My Rating (***)
One, two, Buckle my shoe;
Three, four, Knock at the door;
Five, six, Picking up sticks;
Seven, eight, Lay them straight:
Nine, ten, A good fat hen;
Eleven, twelve, men must delve;
Thirteen, fourteen, Maids are courting;
Fifteen, sixteen, Maids in the kitchen;
Seventeen, eighteen, Maids in waiting
Nineteen, twenty, My plate’s empty
Twenty one, twenty two, three stars will do…..!
This is another Christie mystery that features Hercule Poirot (the well-known sleuth of Agatha). While the book starts off with good promise, the reader feels a little let down at the end. The story begins with the death of Poirot’s own dentist. While this appears to be a suicide to everybody, Poirot thinks otherwise and sets out to find the murderer. Then there develops a mystery and readers witness a lot of twists and turns. There are also shoe buckles, quality stockings, bigamy, impersonations, sealed chests containing another dead body, missing persons and random gun shots. And finally the murderer is revealed at the end. However, there is something missing and I, a big fan of Christie, got disappointed. I felt a similar feeling while reading ‘Why didn’t they ask Evans’.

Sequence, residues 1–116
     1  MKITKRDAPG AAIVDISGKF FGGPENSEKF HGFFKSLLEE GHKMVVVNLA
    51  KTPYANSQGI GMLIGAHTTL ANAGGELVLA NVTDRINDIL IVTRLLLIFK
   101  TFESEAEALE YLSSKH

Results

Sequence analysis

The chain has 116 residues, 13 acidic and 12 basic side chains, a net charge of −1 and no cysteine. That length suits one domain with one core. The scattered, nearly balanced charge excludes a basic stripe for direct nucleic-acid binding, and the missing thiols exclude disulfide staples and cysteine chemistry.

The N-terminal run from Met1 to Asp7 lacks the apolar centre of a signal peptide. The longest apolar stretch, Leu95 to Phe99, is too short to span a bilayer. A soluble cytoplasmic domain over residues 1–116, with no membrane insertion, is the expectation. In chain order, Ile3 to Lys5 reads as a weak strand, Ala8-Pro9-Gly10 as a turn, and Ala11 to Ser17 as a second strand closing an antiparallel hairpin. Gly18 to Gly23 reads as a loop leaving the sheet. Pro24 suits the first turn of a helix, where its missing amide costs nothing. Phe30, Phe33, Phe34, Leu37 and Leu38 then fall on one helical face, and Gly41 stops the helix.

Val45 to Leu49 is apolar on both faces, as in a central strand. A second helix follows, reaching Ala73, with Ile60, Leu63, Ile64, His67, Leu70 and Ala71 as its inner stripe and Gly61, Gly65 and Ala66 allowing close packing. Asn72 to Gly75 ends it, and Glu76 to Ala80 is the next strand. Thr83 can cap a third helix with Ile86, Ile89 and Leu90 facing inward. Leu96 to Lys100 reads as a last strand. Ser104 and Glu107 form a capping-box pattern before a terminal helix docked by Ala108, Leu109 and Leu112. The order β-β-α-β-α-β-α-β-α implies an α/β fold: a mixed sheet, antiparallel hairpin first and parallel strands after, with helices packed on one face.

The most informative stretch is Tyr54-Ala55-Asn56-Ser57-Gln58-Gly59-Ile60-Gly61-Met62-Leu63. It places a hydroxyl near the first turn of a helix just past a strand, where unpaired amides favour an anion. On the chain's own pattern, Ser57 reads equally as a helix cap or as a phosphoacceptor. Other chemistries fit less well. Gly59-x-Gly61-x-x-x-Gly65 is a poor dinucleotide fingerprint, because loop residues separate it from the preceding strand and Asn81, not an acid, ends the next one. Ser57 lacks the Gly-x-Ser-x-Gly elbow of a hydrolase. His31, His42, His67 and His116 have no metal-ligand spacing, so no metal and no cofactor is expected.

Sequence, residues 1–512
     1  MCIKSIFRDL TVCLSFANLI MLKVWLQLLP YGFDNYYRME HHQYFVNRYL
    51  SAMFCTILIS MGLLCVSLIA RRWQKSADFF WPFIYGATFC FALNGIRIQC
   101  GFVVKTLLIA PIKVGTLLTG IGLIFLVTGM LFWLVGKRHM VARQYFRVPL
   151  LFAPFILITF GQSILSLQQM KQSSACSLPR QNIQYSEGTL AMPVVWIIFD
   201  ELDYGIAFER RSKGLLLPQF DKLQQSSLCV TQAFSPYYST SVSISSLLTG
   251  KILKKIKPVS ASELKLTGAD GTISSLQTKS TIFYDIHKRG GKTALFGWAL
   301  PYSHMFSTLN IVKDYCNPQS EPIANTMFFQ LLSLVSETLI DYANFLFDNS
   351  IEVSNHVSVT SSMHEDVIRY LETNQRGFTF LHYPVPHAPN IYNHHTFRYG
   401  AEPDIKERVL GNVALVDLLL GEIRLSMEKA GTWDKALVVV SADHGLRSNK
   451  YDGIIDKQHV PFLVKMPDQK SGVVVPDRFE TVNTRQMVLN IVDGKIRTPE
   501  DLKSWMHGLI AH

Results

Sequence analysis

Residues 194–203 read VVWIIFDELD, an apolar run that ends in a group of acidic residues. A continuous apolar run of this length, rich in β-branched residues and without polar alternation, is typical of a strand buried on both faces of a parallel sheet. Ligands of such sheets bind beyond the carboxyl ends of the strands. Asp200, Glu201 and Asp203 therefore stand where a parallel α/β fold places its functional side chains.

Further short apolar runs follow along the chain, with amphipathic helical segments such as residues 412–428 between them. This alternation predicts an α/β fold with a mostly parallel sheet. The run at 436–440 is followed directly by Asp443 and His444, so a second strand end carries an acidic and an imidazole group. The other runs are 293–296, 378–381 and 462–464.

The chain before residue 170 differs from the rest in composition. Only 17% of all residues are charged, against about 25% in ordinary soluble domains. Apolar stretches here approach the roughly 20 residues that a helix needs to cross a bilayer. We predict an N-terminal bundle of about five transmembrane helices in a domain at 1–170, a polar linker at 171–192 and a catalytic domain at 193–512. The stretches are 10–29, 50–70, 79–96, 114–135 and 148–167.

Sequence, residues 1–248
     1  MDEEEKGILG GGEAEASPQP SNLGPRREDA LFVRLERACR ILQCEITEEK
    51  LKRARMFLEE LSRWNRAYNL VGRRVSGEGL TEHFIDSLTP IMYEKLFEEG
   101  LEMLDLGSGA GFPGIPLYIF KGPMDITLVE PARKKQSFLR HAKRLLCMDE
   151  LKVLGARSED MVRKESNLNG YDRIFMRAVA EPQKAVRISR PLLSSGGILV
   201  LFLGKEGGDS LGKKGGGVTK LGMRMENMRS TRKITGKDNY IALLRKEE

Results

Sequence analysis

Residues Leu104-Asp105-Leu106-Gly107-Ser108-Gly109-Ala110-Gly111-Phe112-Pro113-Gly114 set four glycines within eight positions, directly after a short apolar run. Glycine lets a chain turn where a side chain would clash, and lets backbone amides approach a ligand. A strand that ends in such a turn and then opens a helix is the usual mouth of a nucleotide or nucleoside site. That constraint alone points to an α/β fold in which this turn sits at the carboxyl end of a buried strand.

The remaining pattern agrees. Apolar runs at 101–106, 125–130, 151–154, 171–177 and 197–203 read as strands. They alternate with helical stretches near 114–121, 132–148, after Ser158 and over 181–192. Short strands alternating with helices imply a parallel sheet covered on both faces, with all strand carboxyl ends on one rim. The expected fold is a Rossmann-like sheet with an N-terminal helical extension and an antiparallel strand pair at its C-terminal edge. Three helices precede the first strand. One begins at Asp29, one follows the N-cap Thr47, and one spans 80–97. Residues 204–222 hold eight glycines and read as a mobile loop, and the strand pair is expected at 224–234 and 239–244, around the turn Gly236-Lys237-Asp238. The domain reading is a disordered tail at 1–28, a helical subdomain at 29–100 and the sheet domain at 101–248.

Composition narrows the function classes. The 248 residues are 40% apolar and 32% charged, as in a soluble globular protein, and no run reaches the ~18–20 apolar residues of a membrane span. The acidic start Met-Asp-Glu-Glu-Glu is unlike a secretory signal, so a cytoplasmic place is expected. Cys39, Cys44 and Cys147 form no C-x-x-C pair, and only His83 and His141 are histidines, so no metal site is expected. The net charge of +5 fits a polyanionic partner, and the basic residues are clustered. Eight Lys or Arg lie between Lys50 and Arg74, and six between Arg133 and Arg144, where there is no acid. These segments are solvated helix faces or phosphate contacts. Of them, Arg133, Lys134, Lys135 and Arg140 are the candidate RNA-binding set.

Sometimes, I feel that I rate Christie’ novels below par consciously. I should have given this book four stars. In fact, this is a well-written British mystery that any of Agatha Christie’s fans will enjoy. It was not a bad reading at all and even I thoroughly enjoyed reading it. Most probably, my expectations from Agatha Christie’s novels are more compared to other mystery novels. While there is no disrespect to Poirot’s grey cells, I found Poirot’s deduction a bit too grey in this novel. A lot of things remained unexplained and sometimes things move too fast to digest in this novel. I probably want everything to be perfect in any Christie novel and even a single weakness forces me to give a lower ranking. However, this is my observation and other Christie fans may have a different point of view.